Ag Weather Forum

Warm Winter Rundown

By Bryce Anderson , DTN Ag Meteorologist and DTN Analyst
Nowhere in the contiguous U.S. was there a below-normal temperature trend logged during the 2015-16 weather record season of Dec/Jan/Feb. (NOAA graphic)

Graphic

There is no doubt about it -- the past weather-record winter season (months of December, January and February) were the warmest ever in recorded history for the contiguous U.S. Some pertinent details from NOAA are noted here.--Bryce

Dec-Feb Statewide Temperature Ranks

The December-February average temperature for the contiguous U.S. was 36.8 deg F, 4.6 deg F above the 20th century average, surpassing the previous record of 36.5 deg F set in 1999/2000. The record warm December boosted the contiguous U.S. winter temperature.

The contiguous U.S. average maximum (daytime) temperature during winter was 46.9 deg F, 4.2 deg F above the 20th century average, the fourth-warmest on record. The average minimum temperature was 26.7 deg F, 4.9 deg F above average, second only to the winter minimum temperature of 1997/1998.

Forty-six states in the contiguous U.S. had a winter temperature that was above average. Much-above average winter temperatures were observed across the Great Plains, Midwest, Southeast, Northeast, and parts of the West. Each of the six New England states had a winter temperature that was record warm.

Alaska had its second warmest December-February with a statewide temperature of 14.2 deg F, 10.6 deg F above average. Several locations in Alaska were record warm, including Barrow and King Salmon, while Anchorage and Juneau had their second-warmest December-February.

Based on NOAA's Residential Energy Demand Temperature Index (REDTI), the contiguous U.S. temperature-related energy demand during winter was zero and the lowest value on record. The record and near-record warm temperatures in the densely populated Midwest and Northeast contributed to the record-low REDTI value.

Precipitation

Dec-Feb Statewide Precipitation Ranks

The winter precipitation total for the contiguous U.S. was 8.05 inches, 1.26 inches above the 20th century average. This was the 12th-wettest December-February on record for the Lower 48 and the wettest since 1997/1998.

Above-average winter precipitation was observed across parts of the Northwest, Central Plains, and Midwest, and along the East Coast. Twelve states had winter precipitation totals that were much above average. Iowa was record wet with 6.20 inches of precipitation, 3.07 inches above average, surpassing the previous record of 5.79 inches in 1914/1915. Most of Iowa's winter precipitation fell during December, with January being drier than average and February near average.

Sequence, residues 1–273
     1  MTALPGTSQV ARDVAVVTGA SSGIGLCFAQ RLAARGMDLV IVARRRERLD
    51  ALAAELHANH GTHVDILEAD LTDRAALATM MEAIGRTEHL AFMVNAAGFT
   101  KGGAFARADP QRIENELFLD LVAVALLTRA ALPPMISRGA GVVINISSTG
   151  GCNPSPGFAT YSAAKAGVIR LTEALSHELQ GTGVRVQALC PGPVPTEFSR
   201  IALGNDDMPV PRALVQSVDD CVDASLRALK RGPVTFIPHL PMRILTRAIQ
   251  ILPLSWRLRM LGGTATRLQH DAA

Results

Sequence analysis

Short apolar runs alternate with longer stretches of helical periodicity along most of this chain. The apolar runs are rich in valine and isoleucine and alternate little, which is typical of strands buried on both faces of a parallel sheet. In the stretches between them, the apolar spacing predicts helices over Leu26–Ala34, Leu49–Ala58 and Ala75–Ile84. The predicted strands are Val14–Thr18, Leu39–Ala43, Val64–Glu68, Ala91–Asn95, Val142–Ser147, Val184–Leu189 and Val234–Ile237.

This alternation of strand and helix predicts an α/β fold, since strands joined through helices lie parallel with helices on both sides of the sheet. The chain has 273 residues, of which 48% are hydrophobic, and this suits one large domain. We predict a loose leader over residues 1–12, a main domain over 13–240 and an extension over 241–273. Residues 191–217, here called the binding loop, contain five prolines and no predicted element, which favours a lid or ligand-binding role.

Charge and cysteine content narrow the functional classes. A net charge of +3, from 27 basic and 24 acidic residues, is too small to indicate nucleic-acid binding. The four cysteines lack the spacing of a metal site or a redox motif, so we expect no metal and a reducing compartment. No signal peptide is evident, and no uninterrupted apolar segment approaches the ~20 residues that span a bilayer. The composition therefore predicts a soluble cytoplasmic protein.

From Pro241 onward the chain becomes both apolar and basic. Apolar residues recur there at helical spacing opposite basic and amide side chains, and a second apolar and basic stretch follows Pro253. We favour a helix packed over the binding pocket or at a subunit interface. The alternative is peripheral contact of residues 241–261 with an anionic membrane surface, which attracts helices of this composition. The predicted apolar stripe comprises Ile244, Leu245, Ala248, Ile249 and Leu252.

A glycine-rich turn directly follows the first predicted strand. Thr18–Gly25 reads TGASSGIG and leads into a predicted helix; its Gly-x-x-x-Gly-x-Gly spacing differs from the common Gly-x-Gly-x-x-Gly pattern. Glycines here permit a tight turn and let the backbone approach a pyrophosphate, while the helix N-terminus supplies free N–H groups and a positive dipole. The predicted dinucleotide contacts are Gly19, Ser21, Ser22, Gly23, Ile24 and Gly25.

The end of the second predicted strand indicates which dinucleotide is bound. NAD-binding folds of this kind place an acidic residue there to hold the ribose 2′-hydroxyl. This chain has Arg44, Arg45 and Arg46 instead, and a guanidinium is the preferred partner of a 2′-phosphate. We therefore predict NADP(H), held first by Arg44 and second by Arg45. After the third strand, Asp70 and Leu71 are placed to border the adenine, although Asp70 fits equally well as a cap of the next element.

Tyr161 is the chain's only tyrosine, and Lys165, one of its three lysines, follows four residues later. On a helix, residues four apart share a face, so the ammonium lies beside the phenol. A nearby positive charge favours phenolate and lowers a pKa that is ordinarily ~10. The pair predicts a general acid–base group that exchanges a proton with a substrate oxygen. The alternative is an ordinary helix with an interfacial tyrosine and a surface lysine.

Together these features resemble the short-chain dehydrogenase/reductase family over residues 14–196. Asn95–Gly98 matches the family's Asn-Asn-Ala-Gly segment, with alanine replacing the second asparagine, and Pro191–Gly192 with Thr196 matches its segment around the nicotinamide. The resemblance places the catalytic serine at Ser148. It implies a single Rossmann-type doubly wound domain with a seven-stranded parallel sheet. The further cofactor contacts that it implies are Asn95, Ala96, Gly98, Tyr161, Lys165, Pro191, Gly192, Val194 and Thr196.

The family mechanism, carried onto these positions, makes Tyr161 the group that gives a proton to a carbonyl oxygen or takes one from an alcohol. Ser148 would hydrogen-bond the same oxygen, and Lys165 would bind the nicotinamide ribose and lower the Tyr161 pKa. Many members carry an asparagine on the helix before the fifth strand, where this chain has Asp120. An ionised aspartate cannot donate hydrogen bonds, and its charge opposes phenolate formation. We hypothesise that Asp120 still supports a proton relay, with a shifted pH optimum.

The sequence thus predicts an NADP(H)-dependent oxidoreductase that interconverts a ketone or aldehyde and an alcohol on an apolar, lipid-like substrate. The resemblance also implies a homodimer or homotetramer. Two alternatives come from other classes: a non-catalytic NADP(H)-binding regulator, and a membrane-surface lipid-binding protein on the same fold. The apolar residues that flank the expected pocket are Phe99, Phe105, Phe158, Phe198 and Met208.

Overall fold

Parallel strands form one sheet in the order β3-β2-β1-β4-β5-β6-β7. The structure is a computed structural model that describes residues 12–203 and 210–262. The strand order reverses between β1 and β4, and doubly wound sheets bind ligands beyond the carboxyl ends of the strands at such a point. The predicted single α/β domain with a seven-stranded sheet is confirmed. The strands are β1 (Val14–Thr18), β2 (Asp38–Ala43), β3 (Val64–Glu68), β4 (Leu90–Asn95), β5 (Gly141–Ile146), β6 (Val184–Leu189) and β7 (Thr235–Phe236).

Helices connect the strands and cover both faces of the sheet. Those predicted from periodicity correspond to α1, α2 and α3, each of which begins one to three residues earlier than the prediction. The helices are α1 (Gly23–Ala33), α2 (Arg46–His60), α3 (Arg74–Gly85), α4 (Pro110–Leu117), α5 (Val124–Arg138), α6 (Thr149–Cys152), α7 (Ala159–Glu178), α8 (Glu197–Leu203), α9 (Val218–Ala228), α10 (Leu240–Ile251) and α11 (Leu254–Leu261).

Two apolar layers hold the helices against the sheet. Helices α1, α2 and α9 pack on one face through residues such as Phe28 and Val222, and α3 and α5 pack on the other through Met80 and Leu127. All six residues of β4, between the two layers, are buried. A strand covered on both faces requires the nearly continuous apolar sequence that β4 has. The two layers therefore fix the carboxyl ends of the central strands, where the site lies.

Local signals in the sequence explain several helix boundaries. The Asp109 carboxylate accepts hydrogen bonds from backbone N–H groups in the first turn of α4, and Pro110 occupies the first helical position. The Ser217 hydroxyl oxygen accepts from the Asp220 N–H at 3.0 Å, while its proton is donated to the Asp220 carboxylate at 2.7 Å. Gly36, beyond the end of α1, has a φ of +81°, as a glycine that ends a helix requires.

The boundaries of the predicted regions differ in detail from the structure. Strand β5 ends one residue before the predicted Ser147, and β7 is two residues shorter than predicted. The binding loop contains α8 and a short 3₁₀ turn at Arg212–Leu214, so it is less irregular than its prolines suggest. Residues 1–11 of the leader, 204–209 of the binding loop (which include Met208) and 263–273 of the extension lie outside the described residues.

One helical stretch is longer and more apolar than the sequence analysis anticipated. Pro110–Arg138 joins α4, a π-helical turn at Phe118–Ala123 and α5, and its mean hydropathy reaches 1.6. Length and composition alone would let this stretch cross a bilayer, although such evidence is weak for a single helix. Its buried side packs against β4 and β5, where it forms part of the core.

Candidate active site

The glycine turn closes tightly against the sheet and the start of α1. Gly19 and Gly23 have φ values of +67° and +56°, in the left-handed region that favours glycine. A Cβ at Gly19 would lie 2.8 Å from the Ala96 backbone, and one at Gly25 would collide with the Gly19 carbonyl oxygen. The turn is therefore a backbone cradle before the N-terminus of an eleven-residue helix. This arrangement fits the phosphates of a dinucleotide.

Hawaii had a dry winter with nearly all locations in the islands observing below-average precipitation. Honolulu received 0.70 inch of rain from December to February, only 9 percent of normal and a new record low for the season, at 0.20 inch below the previous record in 1976/1977.

According to an analysis of NOAA data by the Rutgers Global Snow Lab, the December-February contiguous U.S. snow cover extent was 1.30 million square miles, 52,000 square miles above the 1981-2010 average and the 17th-largest in the 49-year period of record.

Extremes

The U.S. Climate Extremes Index (USCEI) for winter was 20 percent above average and the 27th-highest value on record. On the national scale, extremes in one-day precipitation totals and the spatial extent of wetness were much above average. The USCEI is an index that tracks extremes (falling in the upper or lower 10 percent of the record) in temperature, precipitation, land-falling tropical cyclones, and drought across the contiguous U.S.

On a regional scale, the Northeast had its fifth-highest winter CEI due to extremes in warm maximum and minimum temperatures and one-day precipitation totals. The Upper Midwest had its eighth-highest winter CEI due to extremes in warm minimum temperatures, one-day precipitation totals, days with precipitation, and the spatial extent of wetness.

February 2016 Statewide Temperature Ranks

The February temperature for the contiguous U.S. was 39.5 deg F, 5.7 deg F above the 20th century average, ranking as the seventh-warmest on record and warmest since 2000.